A Companion to Ancient Egyptian Art
A Companion to Ancient Egyptian Art
Notes on Contributors
Valérie Angenot teaches Art, Civilizations, and Archaeology of Egypt and the Ancient Near East at the University of Louvain (Belgium), and is Research Associate at the Department of Rhetoric and Semiotics (Languages Sciences) at the University of Liège (Belgium). She is the author of several articles dealing with semiotics and hermeneutics of the ancient Egyptian image.
Mehmet-Ali Ataç is Associate Professor of Classical and Near Eastern Archaeology at Bryn Mawr College. A scholar of the art of ancient Mesopotamia and its interconnections with the artistic traditions of Syria, Egypt, and Anatolia, he is the author of The Mythology of Kingship in Neo-Assyrian Art (2010).
John Baines is Research Officer in the University of Oxford. He has held visiting appointments in universities and research institutions in several countries. His chief research interests are in Egyptian art, religion, literature, and the comparative modeling of social forms and institutions. His most recent books are Visual and Written Culture in Ancient Egypt (2007) and High Culture and Experience in Ancient Egypt (2013).
Diane Bergman is Griffith Librarian in the Sackler Library, one of the Bodleian Libraries of the University of Oxford. Formerly she was the Librarian of the Wilbour Library of Egyptology in the Brooklyn Museum. She has contributed to the establishment of the Online Egyptological Bibliography in the Griffith Institute of the University of Oxford. She is also on the board of the Committee for Egyptology in ICOM (CIPEG).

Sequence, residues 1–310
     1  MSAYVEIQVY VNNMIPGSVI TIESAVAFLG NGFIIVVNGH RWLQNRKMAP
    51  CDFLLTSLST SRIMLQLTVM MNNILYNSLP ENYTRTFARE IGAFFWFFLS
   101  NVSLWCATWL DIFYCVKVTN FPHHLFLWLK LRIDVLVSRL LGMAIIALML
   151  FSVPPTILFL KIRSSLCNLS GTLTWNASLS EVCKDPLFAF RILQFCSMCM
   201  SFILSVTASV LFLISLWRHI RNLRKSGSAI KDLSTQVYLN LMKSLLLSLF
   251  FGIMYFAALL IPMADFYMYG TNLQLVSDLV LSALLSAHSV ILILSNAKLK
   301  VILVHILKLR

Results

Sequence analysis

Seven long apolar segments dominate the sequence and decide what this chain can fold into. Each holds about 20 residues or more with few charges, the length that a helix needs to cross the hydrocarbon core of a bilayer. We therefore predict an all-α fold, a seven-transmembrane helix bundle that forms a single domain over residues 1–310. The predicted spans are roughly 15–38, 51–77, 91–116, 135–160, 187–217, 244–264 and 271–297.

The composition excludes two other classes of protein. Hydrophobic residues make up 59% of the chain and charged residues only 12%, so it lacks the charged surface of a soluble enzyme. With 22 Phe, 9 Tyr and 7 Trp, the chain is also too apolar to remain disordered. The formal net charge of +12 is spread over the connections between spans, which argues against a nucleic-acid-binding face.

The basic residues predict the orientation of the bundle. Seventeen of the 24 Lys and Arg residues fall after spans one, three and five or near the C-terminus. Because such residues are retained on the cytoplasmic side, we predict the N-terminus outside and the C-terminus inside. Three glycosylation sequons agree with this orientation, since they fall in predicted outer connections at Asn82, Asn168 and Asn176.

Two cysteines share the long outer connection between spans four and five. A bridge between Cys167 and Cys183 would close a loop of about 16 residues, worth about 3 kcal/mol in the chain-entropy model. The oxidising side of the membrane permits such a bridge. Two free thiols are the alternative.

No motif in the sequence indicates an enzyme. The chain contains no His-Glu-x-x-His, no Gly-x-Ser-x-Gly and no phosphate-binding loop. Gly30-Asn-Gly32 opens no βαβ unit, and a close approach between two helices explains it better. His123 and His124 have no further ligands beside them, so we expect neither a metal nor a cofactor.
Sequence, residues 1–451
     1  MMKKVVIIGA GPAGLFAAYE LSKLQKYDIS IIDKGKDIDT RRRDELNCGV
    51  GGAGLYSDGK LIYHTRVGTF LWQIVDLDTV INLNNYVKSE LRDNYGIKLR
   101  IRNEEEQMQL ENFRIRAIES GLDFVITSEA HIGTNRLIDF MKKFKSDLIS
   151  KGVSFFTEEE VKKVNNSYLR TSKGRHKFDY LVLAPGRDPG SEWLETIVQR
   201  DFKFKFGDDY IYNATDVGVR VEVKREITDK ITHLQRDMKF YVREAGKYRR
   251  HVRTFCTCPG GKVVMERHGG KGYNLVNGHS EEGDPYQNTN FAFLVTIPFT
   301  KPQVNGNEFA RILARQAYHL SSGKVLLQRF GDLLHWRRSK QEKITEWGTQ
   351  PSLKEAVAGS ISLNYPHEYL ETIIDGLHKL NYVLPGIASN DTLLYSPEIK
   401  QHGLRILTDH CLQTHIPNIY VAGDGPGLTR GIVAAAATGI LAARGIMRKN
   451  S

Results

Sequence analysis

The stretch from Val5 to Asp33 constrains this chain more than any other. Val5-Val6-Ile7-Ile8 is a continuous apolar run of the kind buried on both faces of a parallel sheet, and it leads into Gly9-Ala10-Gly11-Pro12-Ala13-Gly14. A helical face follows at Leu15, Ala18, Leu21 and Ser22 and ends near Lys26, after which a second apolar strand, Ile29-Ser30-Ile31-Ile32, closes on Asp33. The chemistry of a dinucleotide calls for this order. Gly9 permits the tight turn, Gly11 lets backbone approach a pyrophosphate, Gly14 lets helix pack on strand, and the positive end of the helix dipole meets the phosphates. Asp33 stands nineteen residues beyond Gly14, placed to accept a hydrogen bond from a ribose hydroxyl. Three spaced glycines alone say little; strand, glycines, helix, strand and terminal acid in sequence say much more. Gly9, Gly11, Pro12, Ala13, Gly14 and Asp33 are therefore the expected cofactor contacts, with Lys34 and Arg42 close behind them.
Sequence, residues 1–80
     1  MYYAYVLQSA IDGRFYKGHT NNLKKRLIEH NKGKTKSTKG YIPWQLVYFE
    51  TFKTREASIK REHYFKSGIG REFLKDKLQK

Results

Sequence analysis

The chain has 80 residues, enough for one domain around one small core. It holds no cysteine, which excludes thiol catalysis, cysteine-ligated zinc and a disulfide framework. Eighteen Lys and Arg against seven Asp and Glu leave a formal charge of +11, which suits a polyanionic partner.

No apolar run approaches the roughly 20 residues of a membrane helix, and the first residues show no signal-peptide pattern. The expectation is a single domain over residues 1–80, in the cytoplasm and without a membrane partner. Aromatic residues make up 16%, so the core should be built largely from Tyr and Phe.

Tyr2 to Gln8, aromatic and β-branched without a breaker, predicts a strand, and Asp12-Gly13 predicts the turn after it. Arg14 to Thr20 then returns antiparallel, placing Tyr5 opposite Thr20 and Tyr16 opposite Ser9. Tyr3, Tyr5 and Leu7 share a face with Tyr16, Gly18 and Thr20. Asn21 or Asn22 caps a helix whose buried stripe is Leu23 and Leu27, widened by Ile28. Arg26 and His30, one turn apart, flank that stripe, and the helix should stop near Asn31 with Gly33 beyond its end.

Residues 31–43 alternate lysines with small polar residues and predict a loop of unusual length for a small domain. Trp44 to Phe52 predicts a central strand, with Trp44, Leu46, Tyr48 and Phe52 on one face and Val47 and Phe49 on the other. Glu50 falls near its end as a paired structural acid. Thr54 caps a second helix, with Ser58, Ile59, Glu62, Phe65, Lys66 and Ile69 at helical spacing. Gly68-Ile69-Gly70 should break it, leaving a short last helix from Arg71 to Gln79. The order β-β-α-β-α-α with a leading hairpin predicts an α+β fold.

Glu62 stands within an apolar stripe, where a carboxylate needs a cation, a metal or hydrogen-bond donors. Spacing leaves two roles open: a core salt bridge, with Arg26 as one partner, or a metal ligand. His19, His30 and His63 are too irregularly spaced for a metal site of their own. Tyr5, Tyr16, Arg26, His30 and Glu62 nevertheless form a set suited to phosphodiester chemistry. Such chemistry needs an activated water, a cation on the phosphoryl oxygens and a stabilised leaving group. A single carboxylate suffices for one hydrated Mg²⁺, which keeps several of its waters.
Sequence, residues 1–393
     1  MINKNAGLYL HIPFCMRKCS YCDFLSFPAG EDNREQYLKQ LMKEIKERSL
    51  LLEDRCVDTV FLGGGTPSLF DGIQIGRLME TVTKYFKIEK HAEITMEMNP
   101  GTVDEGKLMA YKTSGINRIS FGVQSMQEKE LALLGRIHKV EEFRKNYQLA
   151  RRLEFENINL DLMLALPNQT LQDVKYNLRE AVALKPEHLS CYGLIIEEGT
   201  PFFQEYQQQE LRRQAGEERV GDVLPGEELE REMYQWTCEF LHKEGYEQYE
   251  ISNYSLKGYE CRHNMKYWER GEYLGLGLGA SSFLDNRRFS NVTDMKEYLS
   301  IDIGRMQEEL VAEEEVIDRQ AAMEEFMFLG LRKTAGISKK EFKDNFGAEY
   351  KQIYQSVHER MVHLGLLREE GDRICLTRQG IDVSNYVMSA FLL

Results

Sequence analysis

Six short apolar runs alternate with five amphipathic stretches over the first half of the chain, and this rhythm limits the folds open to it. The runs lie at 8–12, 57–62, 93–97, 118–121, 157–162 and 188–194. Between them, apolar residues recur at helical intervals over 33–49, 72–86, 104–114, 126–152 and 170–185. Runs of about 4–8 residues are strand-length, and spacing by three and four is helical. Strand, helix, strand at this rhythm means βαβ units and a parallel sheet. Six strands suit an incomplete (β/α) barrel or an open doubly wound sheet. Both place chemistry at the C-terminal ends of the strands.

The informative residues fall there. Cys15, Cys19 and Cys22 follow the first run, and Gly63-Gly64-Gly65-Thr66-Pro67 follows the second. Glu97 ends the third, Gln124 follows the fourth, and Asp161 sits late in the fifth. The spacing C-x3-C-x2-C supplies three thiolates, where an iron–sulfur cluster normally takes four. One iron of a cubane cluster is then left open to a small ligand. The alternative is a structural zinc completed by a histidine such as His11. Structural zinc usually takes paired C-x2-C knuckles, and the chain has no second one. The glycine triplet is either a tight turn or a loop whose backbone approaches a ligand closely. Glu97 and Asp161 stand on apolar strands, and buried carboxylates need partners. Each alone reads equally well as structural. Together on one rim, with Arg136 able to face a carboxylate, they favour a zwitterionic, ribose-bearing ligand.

Nadja S. Braun received her PhD from the University of Leipzig and is currently Studienrätin at the Hochfranken-Gymnasium Naila. Her PhD thesis Pharao und Priester (2006) is about the conception of sacral kingship. She works across the fields of Egyptology, history, literary studies, and linguistics with the main focus of her research being on the conception of images, visual history, and visual narrative. Her recent publications include Visual History - Bilder machen Geschichte (2009) and The Ancient Egyptian Conception of Images (2010).
Betsy M. Bryan is Alexander Badawy Professor of Egyptian Art and Archaeology at the Johns Hopkins University and Director of the Johns Hopkins University Archaeology Museum. Her research interests are the social and religious points of convergence in art production and in Egyptian cult. She is preparing the publication of thirteen years of excavation at the Mut Temple precinct in south Karnak.
Kathlyn M. Cooney is Associate Professor of Egyptian Art and Architecture in the Department of Near Eastern Languages and Cultures at the University of California, Los Angeles. She is a specialist in funerary arts, particularly coffins of the New Kingdom and Dynasty 21, and author of The Cost of Death: The Social and Economic Value of Ancient Egyptian Funerary Art in the Ramesside Period (2007).
Susanne Gänsicke is Conservator of Objects in the Department of Conservation and Collections Management, Museum of Fine Arts, Boston. She has worked as a site conservator on the New York University Apis Expedition in Memphis, Egypt, and on the Museum of Fine Arts Expedition at Gebel Barkal in Karima, Sudan. She recently taught in the Conservation Field School of the American Research Center in Luxor, Egypt. Her research interests include the study of ancient metalwork and technologies, and issues of site preservation.
Melinda K. Hartwig is Professor of Ancient Egyptian and Near Eastern Art and Archaeology at Georgia State University and received her PhD from the Institute of Fine Arts, New York University in 2000. She specializes in object-centered, interdisciplinary applications of science and social theory to ancient Egyptian art. Her books include Tomb Painting and Identity in